The warriors in the elite U.S. Special Forces are as close to superheroes as you are likely to find. Only the finest and toughest are invited to compete for a few hundred positions, and they undergo the most rigorous physical and psychological training imaginable. As an integral part of this training, they will march for miles through swamp, forest, mountains, and deserts using only a topographical map and compass to navigate. Food rations are limited, and every conceivable adversity is thrown at them to assess their ability to handle stress, ambiguity, and change.
The U.S. Marine Corps concludes its basic training with a three-day cross-country march in which participants are deprived of sleep and food and are subjected to all manner of stressful situations. The final phase of Marine Corps training is a test called The Crucible. Why do they do it?
A crucible is an instrument that can withstand great heat and is used for melting or fusing metals and ores. It is a metaphor for an extreme test in the most adverse circumstances. For the Marine Corps, it is a test to see how they will respond under the ultimate stress and pressure. For the rest of us, the crucible is life itself, a journey to which we all aspire to travel.
The crucible of life represents the circumstances of rapid change, adversity, and unfairness. These circumstances often leave us feeling confused, insecure, overwhelmed, and out of control. It seems at times the greater the change, the more resistant we become. It is easy to abandon the journey out of frustration, and many do.
The secret to surviving and thriving.
The secret to surviving and thriving is in the recognition of and living the following principle: life is not about the circumstances we face. Our circumstances, for the most part, are beyond our control. Rather, life is about how we choose to respond to the circumstances we face. And our response is always within our control. We call this principle 100% Responsibility. It means I am 100% Responsible for how I choose to respond to everything and everyone in my life.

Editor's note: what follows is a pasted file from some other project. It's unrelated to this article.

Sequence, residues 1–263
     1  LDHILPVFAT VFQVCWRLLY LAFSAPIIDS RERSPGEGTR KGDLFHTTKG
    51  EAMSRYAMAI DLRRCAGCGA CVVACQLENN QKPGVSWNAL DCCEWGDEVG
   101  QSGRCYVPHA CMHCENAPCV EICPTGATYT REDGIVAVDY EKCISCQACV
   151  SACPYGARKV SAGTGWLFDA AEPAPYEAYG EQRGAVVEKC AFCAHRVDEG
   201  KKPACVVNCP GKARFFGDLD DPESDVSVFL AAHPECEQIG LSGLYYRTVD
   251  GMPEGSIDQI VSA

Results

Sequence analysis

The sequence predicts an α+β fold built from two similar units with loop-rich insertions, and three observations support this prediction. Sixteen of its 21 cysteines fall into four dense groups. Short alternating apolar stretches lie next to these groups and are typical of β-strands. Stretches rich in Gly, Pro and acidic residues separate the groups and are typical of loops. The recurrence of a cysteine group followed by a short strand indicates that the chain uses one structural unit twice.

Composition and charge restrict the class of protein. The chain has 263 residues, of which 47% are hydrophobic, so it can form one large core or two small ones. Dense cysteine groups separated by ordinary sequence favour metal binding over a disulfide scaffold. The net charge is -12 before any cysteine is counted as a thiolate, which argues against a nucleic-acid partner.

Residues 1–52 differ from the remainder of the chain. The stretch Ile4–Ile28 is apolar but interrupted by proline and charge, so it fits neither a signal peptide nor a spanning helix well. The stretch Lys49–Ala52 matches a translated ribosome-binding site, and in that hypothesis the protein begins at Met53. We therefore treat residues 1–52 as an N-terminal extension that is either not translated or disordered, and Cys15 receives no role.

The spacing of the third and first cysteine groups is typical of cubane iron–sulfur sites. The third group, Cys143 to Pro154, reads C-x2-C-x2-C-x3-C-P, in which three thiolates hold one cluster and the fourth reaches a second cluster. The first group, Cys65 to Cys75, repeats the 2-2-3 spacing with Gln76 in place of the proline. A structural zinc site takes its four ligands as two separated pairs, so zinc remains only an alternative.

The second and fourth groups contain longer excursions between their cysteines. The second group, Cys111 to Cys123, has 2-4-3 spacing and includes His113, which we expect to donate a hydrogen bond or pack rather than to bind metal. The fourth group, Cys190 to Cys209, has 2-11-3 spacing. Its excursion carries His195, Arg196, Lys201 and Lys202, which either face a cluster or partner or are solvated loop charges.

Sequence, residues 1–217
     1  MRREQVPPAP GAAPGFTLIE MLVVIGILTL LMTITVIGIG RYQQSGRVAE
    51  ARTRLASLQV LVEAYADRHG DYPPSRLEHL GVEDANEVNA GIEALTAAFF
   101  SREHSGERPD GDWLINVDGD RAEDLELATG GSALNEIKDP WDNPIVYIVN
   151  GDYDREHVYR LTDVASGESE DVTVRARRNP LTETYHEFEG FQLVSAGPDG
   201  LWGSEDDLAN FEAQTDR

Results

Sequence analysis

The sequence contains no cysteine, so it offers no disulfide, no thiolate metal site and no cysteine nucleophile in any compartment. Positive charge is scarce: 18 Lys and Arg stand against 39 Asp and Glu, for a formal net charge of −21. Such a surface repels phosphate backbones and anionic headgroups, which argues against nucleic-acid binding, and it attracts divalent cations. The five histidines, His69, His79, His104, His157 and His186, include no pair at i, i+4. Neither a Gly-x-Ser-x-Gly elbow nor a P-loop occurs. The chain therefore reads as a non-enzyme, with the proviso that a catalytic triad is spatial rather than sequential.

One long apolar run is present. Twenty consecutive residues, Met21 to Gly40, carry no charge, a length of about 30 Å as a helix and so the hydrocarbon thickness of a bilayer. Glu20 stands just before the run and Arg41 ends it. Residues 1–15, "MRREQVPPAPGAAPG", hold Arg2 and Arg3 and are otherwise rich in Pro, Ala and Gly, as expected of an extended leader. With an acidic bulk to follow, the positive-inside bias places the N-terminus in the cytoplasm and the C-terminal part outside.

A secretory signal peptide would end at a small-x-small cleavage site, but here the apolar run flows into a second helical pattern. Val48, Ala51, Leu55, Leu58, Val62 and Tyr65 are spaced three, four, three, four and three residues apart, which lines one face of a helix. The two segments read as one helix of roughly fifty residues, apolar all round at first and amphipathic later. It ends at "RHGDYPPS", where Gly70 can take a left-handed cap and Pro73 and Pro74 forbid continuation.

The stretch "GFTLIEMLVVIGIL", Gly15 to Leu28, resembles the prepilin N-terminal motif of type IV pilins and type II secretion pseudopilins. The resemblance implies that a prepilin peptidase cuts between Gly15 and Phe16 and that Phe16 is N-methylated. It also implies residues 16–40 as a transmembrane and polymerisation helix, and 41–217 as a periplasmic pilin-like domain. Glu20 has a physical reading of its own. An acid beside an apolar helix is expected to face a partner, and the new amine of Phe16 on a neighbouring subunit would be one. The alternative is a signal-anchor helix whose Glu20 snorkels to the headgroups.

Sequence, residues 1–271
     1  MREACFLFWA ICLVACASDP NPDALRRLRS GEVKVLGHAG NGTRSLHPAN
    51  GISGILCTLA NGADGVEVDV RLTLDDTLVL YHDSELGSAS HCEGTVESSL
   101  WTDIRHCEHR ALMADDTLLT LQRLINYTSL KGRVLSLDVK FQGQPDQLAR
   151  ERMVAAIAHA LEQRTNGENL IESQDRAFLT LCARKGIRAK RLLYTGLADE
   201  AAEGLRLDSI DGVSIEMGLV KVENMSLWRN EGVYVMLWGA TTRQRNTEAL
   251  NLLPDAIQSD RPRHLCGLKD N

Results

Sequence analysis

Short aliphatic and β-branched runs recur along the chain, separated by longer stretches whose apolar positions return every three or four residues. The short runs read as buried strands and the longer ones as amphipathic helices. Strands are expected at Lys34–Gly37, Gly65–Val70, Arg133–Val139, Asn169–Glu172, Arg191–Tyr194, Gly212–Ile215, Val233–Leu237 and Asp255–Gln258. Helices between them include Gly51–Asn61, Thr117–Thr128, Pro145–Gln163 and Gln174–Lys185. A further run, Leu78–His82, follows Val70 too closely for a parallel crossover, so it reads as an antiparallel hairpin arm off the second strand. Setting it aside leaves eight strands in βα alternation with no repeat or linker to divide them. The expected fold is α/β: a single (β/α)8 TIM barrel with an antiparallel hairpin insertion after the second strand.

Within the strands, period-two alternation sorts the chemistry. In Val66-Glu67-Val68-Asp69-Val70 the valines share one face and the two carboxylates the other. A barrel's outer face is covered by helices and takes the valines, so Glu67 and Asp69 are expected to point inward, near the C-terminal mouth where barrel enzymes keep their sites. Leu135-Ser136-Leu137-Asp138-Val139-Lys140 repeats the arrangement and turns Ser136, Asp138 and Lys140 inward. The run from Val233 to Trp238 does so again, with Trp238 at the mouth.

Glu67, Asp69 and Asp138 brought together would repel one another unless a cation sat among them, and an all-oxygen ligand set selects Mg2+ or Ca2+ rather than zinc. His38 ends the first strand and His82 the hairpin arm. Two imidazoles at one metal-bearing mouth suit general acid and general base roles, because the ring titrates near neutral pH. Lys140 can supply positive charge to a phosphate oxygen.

We can either be defined by our circumstances or defined by our response to those circumstances. One path leads to getting stuck, the other leads to freedom and action. The choice is ours to make.
If we had the opportunity to be trained in any of the Special Forces, we would learn that eighty percent of survival is determined by mental attitude, the will to live and not die. Ten percent of survival is based upon having the right resources, and another ten percent is based on how we use those resources.
None of us escapes the crucible of life. So, the only real question is, how will I respond? What attitude will I choose for myself to carry me through adversity and change? Armed with a clear purpose and the right attitude, adverse circumstances seem smaller. Rather than crippling us, they make us stronger and become fuel for the next leg of our journey. This is how we survive and thrive.
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